Eric Pankey’s new poetry collection, Trace (Milkweed, 68 pages), is an intense journey of powerful language to the edge of the wilderness. Even as his poems invoke a sense of earthly calm, the threat of danger looms throughout these poems, grabbing our attention and holding it throughout.
Much of Trace is set in the natural world, offering a somber examination of the ways in which humans occupy the space. Nature here is constant, balancing the frenetic sphere of humans, a realm in which homes are burning down and people are leaving, crying, or simply trying to find themselves. Often, Pankey will use death to show how these worlds intersect. In “The Place of Skulls,” he writes, “After the body’s hauled down, the tree resumes / Its life as a tree.” The enduring mystery of the natural world is also examined, perhaps most evident in lines such as these from “As of Yet,” where Pankey writes, “Call it paradise, this enclosure of trees / No graves yet.”
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The spirituality of Trace is not simply beholden to how it addresses nature. The voice of the poems addresses human spirituality often, though it doesn’t seem to be grappling with the issue of what exists and what does not. Rather, the poems offer beautiful insight into how human consciousness exists in concert with nature. In “Edge of Things,” we read, “I wait for the resurrection, but wake to morning; / Mist lifting off the river.” On a similar note, “Cold Mountain Meditations” informs us that “No god offered us fire. A burning branch / Fell from a tree and we dragged it home.” These poems are not a rejection nor outright acceptance of any religious credence, but an examination of how the essence of humans is easily reflected amid the beauty of nature.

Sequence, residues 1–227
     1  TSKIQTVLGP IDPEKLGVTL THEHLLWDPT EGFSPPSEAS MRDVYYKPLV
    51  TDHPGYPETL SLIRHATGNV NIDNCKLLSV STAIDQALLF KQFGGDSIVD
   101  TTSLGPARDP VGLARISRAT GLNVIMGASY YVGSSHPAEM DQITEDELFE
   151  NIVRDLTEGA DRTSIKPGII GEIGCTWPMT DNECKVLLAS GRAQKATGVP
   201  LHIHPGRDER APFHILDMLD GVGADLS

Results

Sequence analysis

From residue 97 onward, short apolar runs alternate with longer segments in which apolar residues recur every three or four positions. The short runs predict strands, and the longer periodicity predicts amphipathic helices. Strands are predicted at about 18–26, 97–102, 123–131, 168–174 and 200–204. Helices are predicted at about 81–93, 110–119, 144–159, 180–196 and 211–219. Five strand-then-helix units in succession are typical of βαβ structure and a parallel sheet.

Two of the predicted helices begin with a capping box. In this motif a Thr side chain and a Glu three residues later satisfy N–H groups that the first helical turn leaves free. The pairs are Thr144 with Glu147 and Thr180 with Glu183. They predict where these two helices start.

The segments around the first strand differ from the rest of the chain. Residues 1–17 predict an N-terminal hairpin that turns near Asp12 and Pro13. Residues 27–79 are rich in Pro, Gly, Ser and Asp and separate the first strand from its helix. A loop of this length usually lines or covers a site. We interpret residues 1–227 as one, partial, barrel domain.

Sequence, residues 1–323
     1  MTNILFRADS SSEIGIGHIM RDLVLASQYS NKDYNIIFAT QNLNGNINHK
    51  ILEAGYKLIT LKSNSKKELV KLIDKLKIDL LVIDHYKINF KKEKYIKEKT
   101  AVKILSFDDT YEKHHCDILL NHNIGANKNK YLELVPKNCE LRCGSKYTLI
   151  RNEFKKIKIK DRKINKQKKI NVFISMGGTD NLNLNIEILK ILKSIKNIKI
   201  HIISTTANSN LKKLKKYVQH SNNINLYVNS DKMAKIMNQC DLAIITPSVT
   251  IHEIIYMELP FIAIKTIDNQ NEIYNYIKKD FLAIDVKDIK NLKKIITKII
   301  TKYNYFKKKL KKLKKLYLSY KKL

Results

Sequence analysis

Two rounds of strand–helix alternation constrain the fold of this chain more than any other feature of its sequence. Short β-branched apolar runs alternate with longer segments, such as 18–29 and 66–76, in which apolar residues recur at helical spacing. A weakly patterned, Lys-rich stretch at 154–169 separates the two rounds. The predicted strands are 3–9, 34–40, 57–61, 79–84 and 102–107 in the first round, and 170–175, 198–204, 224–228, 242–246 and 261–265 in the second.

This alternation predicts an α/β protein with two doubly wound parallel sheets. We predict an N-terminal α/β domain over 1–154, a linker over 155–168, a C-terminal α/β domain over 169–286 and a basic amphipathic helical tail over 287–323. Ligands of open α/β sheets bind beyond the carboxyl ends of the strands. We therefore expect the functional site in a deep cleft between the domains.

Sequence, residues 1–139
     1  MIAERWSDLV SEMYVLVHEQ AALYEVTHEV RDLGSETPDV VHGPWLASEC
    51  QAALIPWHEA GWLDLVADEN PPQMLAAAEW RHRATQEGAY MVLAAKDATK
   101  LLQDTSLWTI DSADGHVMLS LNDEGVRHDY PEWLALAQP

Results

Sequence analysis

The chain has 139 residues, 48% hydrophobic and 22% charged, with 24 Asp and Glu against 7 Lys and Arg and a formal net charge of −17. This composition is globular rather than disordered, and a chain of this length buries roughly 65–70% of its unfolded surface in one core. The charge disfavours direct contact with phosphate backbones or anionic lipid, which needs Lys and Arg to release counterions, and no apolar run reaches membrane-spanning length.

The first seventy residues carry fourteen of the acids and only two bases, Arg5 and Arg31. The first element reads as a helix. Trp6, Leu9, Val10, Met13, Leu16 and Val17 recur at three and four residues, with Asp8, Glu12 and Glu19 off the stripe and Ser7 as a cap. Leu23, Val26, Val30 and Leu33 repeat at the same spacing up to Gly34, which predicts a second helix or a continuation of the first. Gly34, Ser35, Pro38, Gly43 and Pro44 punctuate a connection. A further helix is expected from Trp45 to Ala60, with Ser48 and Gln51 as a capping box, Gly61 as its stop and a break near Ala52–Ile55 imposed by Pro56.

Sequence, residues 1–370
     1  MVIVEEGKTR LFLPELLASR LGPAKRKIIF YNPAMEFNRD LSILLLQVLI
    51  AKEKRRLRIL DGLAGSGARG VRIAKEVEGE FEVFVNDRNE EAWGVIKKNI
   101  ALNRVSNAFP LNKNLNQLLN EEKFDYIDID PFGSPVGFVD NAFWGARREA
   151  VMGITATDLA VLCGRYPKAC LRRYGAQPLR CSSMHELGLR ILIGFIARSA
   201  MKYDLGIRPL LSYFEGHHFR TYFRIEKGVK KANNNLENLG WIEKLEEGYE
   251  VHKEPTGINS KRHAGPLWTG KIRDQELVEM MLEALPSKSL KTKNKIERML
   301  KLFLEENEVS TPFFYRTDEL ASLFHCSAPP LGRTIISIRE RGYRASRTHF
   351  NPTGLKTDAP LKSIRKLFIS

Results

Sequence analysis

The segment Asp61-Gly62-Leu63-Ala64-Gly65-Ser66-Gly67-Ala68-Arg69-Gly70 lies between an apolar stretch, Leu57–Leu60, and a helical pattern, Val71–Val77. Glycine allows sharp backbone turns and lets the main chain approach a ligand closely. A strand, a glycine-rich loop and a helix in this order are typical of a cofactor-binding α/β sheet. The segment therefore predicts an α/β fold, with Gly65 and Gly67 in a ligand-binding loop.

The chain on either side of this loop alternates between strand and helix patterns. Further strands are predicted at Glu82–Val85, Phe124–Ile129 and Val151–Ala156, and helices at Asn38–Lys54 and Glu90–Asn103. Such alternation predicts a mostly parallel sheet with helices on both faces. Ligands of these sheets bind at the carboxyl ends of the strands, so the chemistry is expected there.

The references to religion are thought-provoking, but Pankey’s diction and word choice are arresting, too, often causing the reader to pause and reflect. In “Ritual,” he directly tells us, “Repetition is an aid to memory.” Repetition is also a tool frequently used in the collection to invoke reflection, and helps deliver some of Trace’s more skillful lines. In “The Creation of Adam,” the poem ends with “The scarecrow, who had listened well, knew / If he chose, he could shrug, and shoo the crow. / If he chose. And could shrug. And could move his lips.” Unlike humans, unlike Adam, the scarecrow has no free will.
Trace deftly surrounds the reader in the natural world, offering us a chance to ruminate our existence inside of it. In the collection’s final poem, “Sober Then Drunk Again,” we read “Once I drank with a vengeance / Now I drink in surrender.” While reading Trace, we surrender ourselves to Pankey’s vision, and conclude the book deep in thought.